A little puff of winter magic!


I remember taking my eldest for her first flu vaccine like it was yesterday. I wasn’t worried. She was the kind of child who didn’t get phased by much. We’d talked about what was going to happen, she’d asked questions, and she wasn’t worried either.

But when we got in that room. All white walls and strange smells and a very friendly nurse smiling in that way that let you know she was up to something. My daughter decided she wasn’t having any of it. She wasn’t screaming and crying but there was a silent determination that nothing was getting up her nose if she had anything to say about it. And my girl can be stubborn.

So we went back out into the waiting room to have a chat while someone else went in before us. And I was sitting there in a “first time mum” panic wondering how on earth to tackle this. And so was born the little puff of magic.


I told my 2 year old how the nice lady was going to give her a little puff of magic up her nose. And that magic would last all through the winter to protect her from getting sick. I could see she was excited about this idea and I knew I was on to something.

Every year since then she’s had a little puff of magic up her nose, and when her sister came along she got let in on the secret too. They are getting old enough now to know it’s not the kind of magic they thought but they don’t want to let go of the idea entirely. Each year they’ve asked more questions and they’ve understood more about what it was.


But it will forever be known as the little puff of magic in our house. And it’s that time of year again when kids in schools across West Lothian will soon be offered the annual flu vaccine.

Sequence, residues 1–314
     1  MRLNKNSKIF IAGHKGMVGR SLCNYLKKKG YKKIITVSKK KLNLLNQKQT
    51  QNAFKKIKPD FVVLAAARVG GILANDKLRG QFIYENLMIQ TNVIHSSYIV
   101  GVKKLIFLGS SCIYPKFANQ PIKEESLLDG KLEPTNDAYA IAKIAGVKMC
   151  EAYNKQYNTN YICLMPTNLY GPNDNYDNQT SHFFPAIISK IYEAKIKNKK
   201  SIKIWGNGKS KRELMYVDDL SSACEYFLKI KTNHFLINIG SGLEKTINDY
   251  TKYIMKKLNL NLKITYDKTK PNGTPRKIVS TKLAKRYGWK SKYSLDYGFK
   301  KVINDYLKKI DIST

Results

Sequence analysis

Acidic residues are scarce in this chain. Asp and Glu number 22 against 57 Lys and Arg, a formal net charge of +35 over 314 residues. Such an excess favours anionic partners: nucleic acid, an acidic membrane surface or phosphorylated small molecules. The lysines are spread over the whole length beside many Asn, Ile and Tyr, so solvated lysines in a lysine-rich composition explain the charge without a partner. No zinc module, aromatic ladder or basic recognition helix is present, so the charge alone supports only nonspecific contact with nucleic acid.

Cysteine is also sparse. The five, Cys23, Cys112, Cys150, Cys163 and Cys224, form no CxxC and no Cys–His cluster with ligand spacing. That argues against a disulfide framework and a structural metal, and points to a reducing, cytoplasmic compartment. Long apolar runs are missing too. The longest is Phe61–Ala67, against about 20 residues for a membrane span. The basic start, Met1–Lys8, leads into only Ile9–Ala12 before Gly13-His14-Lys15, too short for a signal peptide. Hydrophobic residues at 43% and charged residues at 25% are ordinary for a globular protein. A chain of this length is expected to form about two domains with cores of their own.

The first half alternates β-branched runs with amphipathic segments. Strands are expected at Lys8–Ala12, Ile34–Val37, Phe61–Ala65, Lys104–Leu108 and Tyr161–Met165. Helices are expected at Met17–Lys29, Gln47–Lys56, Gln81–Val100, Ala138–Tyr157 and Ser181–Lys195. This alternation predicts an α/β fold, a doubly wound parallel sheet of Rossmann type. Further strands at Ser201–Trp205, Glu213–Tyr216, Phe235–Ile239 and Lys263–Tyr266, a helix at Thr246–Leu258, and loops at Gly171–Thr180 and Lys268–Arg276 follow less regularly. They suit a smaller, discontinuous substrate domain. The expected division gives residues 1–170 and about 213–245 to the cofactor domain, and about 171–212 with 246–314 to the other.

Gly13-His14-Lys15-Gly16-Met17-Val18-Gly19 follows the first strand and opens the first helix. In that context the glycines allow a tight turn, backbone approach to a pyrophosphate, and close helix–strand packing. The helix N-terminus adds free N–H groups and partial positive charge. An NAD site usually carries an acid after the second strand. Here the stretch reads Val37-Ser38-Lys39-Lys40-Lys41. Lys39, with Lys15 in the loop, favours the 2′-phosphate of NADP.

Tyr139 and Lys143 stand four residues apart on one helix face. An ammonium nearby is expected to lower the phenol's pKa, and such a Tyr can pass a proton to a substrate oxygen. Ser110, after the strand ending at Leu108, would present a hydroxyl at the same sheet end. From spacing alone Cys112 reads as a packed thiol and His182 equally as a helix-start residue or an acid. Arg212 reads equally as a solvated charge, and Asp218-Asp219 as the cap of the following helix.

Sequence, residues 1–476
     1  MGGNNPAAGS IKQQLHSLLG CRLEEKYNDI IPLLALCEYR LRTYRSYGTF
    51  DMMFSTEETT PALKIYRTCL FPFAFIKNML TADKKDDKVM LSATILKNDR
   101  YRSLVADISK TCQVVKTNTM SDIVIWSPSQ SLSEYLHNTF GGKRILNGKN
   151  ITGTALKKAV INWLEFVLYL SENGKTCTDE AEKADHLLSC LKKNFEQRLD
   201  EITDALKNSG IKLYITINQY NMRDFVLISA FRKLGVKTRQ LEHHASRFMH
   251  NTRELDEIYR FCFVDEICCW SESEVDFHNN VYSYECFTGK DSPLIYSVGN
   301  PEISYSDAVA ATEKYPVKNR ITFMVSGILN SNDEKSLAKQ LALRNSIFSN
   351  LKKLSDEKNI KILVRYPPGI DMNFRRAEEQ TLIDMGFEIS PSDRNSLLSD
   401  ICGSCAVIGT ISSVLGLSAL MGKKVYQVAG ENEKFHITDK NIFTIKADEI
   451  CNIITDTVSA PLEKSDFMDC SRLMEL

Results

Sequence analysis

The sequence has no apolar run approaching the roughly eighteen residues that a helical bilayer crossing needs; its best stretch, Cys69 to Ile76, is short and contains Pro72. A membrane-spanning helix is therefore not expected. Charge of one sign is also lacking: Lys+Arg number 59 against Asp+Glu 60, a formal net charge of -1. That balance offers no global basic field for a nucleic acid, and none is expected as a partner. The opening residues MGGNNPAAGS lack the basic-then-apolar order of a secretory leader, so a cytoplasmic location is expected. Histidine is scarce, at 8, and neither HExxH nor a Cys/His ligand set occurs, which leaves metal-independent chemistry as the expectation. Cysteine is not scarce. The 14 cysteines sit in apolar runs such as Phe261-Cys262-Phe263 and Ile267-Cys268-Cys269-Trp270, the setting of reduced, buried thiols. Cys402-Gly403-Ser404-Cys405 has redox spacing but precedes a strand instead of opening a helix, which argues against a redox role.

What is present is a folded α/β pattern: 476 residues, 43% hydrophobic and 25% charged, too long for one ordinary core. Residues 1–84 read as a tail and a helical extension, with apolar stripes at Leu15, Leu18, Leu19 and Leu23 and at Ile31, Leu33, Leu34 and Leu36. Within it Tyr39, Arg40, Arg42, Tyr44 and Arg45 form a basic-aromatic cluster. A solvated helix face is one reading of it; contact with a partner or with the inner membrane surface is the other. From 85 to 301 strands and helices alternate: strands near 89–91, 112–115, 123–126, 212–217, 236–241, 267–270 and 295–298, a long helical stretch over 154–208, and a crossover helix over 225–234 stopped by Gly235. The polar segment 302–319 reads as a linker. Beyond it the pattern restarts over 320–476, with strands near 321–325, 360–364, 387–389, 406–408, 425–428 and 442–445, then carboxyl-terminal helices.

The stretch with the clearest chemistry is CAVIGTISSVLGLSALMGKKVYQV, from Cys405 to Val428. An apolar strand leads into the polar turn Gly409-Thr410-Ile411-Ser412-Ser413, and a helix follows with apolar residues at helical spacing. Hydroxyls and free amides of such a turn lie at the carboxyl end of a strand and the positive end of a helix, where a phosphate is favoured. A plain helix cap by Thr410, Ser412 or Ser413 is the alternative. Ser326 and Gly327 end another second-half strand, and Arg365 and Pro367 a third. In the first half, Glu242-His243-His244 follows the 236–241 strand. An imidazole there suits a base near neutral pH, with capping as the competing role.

This year though, the questions have changed. After listening to many of the adults in their lives talking in recent months about getting a vaccine and overhearing people at the school gates saying how rubbish they felt afterwards…this year they wanted to know if they had to have it, and if it would make them feel bad.

So it was back to basics…only this time we were able to tell them exactly how the little puff of magic works. All these years later there was more science than magic in the conversation but I could still see the excitement in their eyes as they understood.


I hate that they were worried about the flu vaccine this year in a way they haven’t been since that first time. It’s sad that the last year and a half has taken the shine off some of the magic of their childhood. But at the same time seeing them learn and understand for themselves is a different kind of magic.

 

Published in Konect October 2021

Author: Laura Archibald